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Tin’s “Pride” at UN Statement on Decriminalisation of Homosexuality
Sixty-six countries support the sexuality and gender identity declaration as gays, lesbians and transgender people get “their day” at the United Nations
United States of America not among the 66
nations backing statement
NEW YORK, December 18, 2008 – Louis-Georges Tin, the founder of International Day Against Homophobia (IDAHO), told today of “my pride” following the reading of the “Declaration” at the General Assembly of the United Nations.
The Declaration, supported by 66 nations – one third of member states, calls for the universal decriminalisation of homosexuality.
He was speaking minutes after he sang “We Shall Overcome” during a United Nations televised high-level panel discussion on “Human rights, sexual orientation and gender identity”.
Mr. Tin, who is president of the IDAHO committee, said that it was the IDAHO committee which, in 2006, launched the campaign “For a universal decriminalisation of homosexuality”.
“We are proud of the historical Declaration that was read about this issue today, for the first time ever, in the General Assembly of the United Nations.
On the launch of the campaign over two years ago, a number of well-known personalities added their support.
Nobel prize-winners Archbishop Desmond Tutu, Elfriede Jelinek, José Saramago, Dario Fo and Amartya Sen all backed the campaign.
From show business, Merryl Streep, Victoria Abril, Cyndi Lauper, Sir Elton John and David Bowie were among those who publicly supported the move as did “intellectuals” like Judith Butler, Noam Chomski, Bernard-Henri Lévy.
Also among the backers were the International Lesbian and Gay Association, Aids International and FIDH.
Mr. Tin pointed out that, today, same-sex relationships are criminalised in more than 80 countries in the world – and gays and lesbians face the death penalty in seven of these countries.
It was on May 17 that the French government announced that they would bring in a statement within the General Assembly of the United Nations.
The text was read today in New York, and was supported by 6 countries in the world, and it clearly inscribes sexual orientation and gender identity in the context of human rights.
“This is an historical event,” Mr. Tin said.
“For the first time ever, such a text has been read in the General Assembly of the United Nations,” he pointed out.
“We have worked a lot on this issue, for us it is a great achievement, and I want to thank all the people who have worked with us since the beginning, but I also want to remind that it is a long-term battle.
“To love is not a crime” he said.
“To decriminalise homosexuality worldwide is a combat for human rights.”
For all the work she did on this issue, Mr Tin thanked French Secretary of State for Human Rights Mrs Rama Yade, who also took part in the press conference,
He gave her a copy of the Dictionary of Homophobia, a global survey of homophobia throughout the world which he published in 2003, but which was translated into English last month by the Canadian publisher, Arsenal Pulp.
Mrs Yade said she was very happy to receive the book, and it will certainly help her to fight against homophobic rhetoric in general.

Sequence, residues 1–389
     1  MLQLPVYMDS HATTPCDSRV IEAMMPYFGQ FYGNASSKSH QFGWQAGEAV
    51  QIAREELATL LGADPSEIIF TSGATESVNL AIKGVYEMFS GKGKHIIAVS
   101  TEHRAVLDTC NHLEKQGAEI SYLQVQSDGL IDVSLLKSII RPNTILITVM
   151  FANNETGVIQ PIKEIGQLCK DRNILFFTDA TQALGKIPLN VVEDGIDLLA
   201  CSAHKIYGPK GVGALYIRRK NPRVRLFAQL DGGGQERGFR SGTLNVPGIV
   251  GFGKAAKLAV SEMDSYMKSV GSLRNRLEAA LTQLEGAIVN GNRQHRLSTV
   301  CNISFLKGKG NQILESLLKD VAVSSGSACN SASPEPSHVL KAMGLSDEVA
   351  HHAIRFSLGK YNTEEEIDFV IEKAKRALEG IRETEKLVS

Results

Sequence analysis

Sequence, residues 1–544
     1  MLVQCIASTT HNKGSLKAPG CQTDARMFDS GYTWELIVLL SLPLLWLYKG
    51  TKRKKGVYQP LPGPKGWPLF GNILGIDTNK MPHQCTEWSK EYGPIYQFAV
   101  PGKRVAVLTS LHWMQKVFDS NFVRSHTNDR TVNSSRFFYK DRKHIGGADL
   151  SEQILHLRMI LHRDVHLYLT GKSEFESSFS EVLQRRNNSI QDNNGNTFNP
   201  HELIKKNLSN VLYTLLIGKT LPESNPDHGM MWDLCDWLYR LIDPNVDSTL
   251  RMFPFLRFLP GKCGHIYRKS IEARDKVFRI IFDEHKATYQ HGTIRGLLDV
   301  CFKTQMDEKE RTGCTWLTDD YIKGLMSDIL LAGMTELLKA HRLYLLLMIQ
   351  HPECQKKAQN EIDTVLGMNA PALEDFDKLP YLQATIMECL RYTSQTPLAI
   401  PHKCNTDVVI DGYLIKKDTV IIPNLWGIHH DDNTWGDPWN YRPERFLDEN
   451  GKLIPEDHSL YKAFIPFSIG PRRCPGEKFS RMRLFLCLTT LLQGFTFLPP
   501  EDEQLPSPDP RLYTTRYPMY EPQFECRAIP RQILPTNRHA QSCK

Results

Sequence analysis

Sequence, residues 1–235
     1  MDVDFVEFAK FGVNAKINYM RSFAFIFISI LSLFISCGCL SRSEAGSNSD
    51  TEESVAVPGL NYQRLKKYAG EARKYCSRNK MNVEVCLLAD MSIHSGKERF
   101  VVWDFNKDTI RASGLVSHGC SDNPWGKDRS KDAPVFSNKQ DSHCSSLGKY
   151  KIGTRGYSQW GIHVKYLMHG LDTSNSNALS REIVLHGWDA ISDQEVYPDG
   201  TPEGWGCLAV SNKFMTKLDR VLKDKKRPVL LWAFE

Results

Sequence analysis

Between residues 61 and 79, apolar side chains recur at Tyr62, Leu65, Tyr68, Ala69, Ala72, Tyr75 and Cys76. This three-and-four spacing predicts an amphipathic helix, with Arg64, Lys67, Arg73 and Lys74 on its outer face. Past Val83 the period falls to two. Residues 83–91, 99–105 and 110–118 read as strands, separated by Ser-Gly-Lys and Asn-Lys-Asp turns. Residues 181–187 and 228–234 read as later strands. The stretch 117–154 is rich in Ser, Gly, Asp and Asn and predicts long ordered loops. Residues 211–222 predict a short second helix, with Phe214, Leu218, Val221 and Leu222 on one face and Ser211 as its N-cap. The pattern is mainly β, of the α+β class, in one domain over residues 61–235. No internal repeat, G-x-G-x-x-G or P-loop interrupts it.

During the press conference, a question was asked about the lack of support from the USA.
Mrs Yade said, in somewhat un-diplomatic terms, it was “incredible” that that the Bush administration had not supported the declaration.
And a UK representative said that he could not understand why the US had not supported the statement when it is consistently saying that human rights were important.
The “high-level panel discussion” was arranged by the UN Permanent Missions of Argentina, Brazil, Croatia, France, Gabon, the Netherlands and Norway .
The following 66 counties are signatories to the UN Statement, according to Human Rights Watch:
Argentina, Armenia, Australia, Austria, Belgium, Bolivia, Bosnia and
Herzegovina, Brazil, Bulgaria, Canada, Cape Verde, Central African Republic,
Chile, Colombia, Croatia, Cuba, Cyprus, Czech Republic, Denmark, Ecuador,
Estonia, Finland, France, Gabon, Georgia, Germany, Greece, Guinea-Bissau,
Hungary, Iceland, Ireland, Israel, Italy, Japan, Latvia, Liechtenstein,
Lithuania, Luxembourg, Malta, Mauritius, Mexico, Montenegro, Nepal,
Netherlands, New Zealand, Nicaragua, Norway, Paraguay, Poland, Portugal,
Romania, San Marino, Sao Tome and
Principe, Serbia, Slovakia, Slovenia, Spain, Sweden, Switzerland, the former
Yugoslav Republic of Macedonia, Timor-Leste, United Kingdom, Uruguay, and
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VIDEO FROM UNITED NATIONS (Real Player required)
Special Event: High-level panel discussion on "Human rights, sexual orientation and gender identity" - organised by the Permanent Missions of Argentina, Brazil, Croatia, France, Gabon, the Netherlands and Norway. (1 hour, 23 minutes)
Media Stakeout: Informal comments to the Media by the Minister for Foreign Affairs of the Netherlands, H.E. Mr. Maxime Vergahen and the Secretary of State for International Affairs and Human Rights of France, H.E. Ms. Rama Yade. (16 minutes)
Miliband Backs UN Statement and Pledges Continuing Support for Gay and Transgender People Worldwide. The United Kingdom will continue to work towards ending the discrimination of gay and bisexual men and women – and transgender people – around the world, Foreign and Commonwealth Secretary David Miliband pledged this morning. (UK Gay News, December 18, 2008)
From an Arrest in Paris During a Gay Rights Demo, Via a French Minister, to the United Nations. The unsung hero of next week’s UN anti-homophobia resolution and his significant role. (UK Gay News, December 3, 2008)